Friday, September 19, 2014

Report from Ferguson: "We the People"

memorial near the site of Mike Brown's execution
I shouldn't have been surprised by how moving it was to visit the street where Mike Brown died.  On the rug pictured above there is a quote from Esther 4:14:
For if you remain completely silent at this time, relief and deliverance will arise for the Jews from another place, but you and your father's house will perish. Yet who knows whether you have come to the kingdom for such a time as this?  
This is a question we must all ask ourselves.  God will deliver the oppressed, but will we be the agents of God's redemptive work?  The people of Ferguson clearly are no longer willing to remain silent.

One man spoke with us while we were in the neighborhood.  Notice the area in front of the building where the mulch is spread.  This man was working there on the afternoon Mike Brown was shot and killed by a police officer.  This eyewitness claims that there were not one, but three police officers present on the scene.  According to him, Darren Wilson, the officer who killed Brown, discharged his weapon in the police car; apparently, accidentally.  He saw no physical altercation between Brown and police.

Officer Wilson then shot Brown while he was running away from a distance of about 30 feet.  Once Brown was down on the ground, Officer Wilson approached him and shot him again at close range.  Witnesses have indicated as many as 11 shots were fired and we know from the autopsy report that Brown was hit six times.  Whatever the circumstances, having visited this quiet neighborhood, it is very difficult to image a situation that required such excessive force.

The eyewitness we spoke with has been interviewed by police three times.  One wonders if the police aren't desperate to surface and exploit discrepancies in his story.  Evidently, this witness is scheduled to be interviewed by the FBI as part of the Justice Department investigation.

Not far from the site of Mike Brown's memorial a group of young black men are camped out Occupy style in silent witness to the ongoing experience of racist oppression. They represent the "Lost Voices" that continue to go unheard in the media and in the councils of power.  Mike Brown's death is just the most visible expression of the disconnect between the police and the people in Ferguson, and between the city government and the people of Ferguson.  Everyone we talked to is certain that Darren Wilson will not be indicted by the grand jury investigating Mike Brown's death.  In fact, the date for the grand jury decision has been pushed back from mid-October to early January.  Authorities are no doubt hoping that bitter winter weather will stifle protest in the streets when the announcement is made.  "Lost Voices" will be there, but will they be heard?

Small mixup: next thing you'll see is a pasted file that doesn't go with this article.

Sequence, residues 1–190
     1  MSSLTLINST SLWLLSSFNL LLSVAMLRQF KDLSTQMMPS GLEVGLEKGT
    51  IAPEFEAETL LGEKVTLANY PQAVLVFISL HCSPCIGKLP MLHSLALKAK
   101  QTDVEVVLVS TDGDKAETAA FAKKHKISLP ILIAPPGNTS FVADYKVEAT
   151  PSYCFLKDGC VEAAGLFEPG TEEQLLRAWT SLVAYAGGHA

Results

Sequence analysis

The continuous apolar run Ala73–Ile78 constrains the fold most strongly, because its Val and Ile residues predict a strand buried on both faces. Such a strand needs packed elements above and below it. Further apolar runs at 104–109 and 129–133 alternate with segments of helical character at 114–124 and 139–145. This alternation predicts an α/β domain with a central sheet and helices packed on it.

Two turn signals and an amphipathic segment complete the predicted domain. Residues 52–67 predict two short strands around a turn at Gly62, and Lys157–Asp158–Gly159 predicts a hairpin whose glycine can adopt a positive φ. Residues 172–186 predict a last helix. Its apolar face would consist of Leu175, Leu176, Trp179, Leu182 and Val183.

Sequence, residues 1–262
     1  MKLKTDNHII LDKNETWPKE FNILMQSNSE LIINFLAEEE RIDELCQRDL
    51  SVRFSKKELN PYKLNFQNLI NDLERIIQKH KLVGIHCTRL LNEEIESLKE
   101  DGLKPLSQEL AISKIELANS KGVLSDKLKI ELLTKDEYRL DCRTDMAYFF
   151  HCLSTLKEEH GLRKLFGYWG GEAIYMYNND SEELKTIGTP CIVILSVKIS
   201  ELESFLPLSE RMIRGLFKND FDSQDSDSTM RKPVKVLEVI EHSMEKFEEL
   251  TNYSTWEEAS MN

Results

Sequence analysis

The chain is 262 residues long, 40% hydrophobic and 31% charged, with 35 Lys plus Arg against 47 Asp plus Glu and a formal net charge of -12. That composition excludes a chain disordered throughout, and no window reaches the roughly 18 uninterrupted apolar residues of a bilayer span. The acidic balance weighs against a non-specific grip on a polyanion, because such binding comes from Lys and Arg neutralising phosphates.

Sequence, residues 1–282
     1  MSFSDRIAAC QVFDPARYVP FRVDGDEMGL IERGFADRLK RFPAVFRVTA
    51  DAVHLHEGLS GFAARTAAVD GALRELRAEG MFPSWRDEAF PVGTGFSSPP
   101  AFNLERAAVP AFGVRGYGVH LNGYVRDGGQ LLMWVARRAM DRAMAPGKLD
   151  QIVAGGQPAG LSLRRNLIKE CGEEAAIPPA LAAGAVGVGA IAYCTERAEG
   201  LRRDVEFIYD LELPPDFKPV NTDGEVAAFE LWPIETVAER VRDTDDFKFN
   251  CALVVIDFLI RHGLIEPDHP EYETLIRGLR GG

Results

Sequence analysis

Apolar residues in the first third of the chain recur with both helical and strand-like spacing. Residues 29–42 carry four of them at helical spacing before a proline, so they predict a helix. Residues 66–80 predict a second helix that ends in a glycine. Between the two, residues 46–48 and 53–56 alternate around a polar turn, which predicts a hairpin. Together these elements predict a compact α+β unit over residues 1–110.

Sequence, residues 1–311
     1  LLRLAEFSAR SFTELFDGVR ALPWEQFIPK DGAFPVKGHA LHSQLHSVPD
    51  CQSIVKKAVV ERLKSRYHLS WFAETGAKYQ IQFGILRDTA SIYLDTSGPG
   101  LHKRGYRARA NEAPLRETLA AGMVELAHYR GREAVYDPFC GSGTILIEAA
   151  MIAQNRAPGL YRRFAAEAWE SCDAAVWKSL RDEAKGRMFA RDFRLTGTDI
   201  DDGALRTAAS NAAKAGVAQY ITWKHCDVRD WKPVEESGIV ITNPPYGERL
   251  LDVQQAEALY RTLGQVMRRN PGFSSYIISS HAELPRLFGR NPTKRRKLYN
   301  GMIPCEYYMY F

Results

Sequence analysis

Concern about the postponement of the grand jury decision was shared by another protest group, "We the People:  Black and White." This is an interracial group of Ferguson citizens who peacefully keep vigil across the street from the police station.  They, too, are concerned not just with Mike Brown's killing and the failure of police to follow appropriate protocols, but with the larger institutional problems  besetting the police force and city government.  Police by and large don't live in the community - in fact, the mayor doesn't even live in Ferguson (he simply owns property there) - and are overwhelmingly white in a black majority city.

"Lost Voices" and "We the People"' are indigenous groups that have formed because the people of Ferguson are tired of being disrespected, harassed, and ignored by their own government.  The People have woken up and they are no longer willing to be lulled back to sleep.  Yet, even now, the People keeping vigil here endure the slurs of white people driving by and cursing them.  I witnessed a young white boy - a child - push his head out of the car window and yell, "Get a job!" to the protesters as he drove by.

This is the root of the problem in Ferguson, the problem in America.  We have to be carefully taught to hate - and we are.  The more people in Ferguson and elsewhere wake-up, the greater will be the tension  that surfaces as the boil of racism is lanced.  We the People have to be willing to count the cost of striving for justice, of refusing to remain silent.

No comments: